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Electricity Generation Power Plant Performance Program

Progress Report to the Legislature on the Implementation of Senate Bill SB 39 of the 2001-02 Second Extraordinary Session

Required by the Supplemental Report of the 2002 Budget Act to be submitted to the Chairs of the Joint Legislative Budget Committee and the Fiscal Committee of both Houses of the Legislature

California Public Utilities Commission

November 14, 2003

The Purpose of This Report

This report was requested by the legislature in the Supplemental Report of the 2002 Budget Act, which says,

General Response

The Power Plant Productivity Program is a work in progress, and only limited performance data for the program is now available. This report describes the steps that the California Public Utilities Commission (Commission), in cooperation with the California Independent System Operator (CAISO), has taken to adopt and implement Maintenance and Operations Standards under Senate Bill 39 of the 2001-02 Second Extraordinary Session (SB 39xx); presents currently available performance data; and discusses additional sources of data that should become available as the program is fully implemented.

Implementation of SB 39xx

SB 39xx, which became effective August 7, 2002,1 sets up a two-part process for the adoption and implementation of maintenance and operation standards. First, the legislation establishes the California Electric Generation Facilities Standards Committee (Committee), to adopt standards. Second, the legislation directed the Commission to implement and enforce those standards. The legislation also directed the Commission to enforce CAISO's rules (or "protocols") that govern when generators can schedule planned maintenance at their power plants.

Under Section 761.3 of the Public Utilities Code, the Committee is composed of two members nominated by the Commission and CAISO, respectively, and a third member chosen by them. CPUC Commissioner Carl Wood and Michael Kahn, Chairman of the CAISO Board of Governors, nominated Glenn Bjorklund, a former executive for the Southern California Edison Company, as the third member of the Committee. The Committee has held six public meetings since December 2002, with full opportunity for public participation in development of standards. As required by the statute, both the Commission and the CAISO have provided staff to the Committee.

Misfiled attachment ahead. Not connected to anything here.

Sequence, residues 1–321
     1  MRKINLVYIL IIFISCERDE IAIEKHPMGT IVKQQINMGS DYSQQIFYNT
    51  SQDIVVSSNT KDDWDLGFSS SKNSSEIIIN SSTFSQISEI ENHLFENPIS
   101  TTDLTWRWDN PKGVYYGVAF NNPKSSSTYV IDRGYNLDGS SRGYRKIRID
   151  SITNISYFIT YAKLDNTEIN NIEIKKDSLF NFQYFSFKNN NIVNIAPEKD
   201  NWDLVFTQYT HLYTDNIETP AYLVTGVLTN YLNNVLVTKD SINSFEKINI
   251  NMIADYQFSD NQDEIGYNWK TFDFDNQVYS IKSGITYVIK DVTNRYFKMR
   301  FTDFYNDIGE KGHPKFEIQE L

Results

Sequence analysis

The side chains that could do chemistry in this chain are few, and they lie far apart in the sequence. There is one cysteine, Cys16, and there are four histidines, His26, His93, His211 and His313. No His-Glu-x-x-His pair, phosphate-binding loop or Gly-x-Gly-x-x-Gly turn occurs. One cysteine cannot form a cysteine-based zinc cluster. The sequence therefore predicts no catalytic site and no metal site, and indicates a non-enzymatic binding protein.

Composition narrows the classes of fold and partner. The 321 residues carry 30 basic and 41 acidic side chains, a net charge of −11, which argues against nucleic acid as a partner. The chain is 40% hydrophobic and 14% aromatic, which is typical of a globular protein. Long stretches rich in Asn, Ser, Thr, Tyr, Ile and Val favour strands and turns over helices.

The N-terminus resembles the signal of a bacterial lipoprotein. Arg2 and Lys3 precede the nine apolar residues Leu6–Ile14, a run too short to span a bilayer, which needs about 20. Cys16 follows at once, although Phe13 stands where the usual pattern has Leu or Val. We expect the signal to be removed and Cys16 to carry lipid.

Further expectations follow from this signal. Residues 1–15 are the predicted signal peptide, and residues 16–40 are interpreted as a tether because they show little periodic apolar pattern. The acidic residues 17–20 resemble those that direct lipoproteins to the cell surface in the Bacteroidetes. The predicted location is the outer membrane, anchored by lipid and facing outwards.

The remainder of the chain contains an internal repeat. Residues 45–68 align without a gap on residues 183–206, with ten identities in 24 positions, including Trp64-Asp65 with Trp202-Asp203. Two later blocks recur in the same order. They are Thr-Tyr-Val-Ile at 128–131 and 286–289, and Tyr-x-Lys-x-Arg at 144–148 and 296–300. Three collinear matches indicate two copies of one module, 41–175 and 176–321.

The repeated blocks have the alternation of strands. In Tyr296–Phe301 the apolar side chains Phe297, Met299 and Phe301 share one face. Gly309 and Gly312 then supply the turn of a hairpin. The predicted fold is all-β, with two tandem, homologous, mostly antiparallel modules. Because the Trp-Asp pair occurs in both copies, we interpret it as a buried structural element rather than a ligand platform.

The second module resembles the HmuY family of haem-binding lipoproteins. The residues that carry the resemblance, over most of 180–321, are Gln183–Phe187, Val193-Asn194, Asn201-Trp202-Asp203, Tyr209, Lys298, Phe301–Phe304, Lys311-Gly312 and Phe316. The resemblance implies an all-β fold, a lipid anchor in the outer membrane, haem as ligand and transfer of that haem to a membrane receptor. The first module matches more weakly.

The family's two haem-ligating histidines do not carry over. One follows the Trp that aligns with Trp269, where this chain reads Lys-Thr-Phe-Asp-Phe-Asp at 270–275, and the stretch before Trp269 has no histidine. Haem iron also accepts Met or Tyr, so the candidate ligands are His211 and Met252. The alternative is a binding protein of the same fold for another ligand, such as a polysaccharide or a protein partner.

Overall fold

The Committee is adopting the standards systematically, dividing them into five different component standards. First, in order to set an overarching set of expectations for power plant owners, and recognizing that detailed standards would take some time to develop and implement, the Committee has adopted a set of umbrella "General Duty Standards" intended to take effect quickly. Second, the Committee has also approved a comprehensive and detailed set of Maintenance Standards, covering the plants mechanical and management systems. Third, the Committee has approved standards for records (logbooks) to be kept by thermal power plants. Because a good record of plant operations and maintenance activities is crucial to implementation of any standard, the Committee considers the Logbook standard to be an integral part of Maintenance and Operation Standards. Fourth, the Committee has issued draft Logbook Standards for hydroelectric plants and asked parties to confer and produce a final version for the Committee's consideration. Fifth and finally, the Committee has ordered its staff to develop a set of Operation Standards. Each of these standards is discussed in more detail below.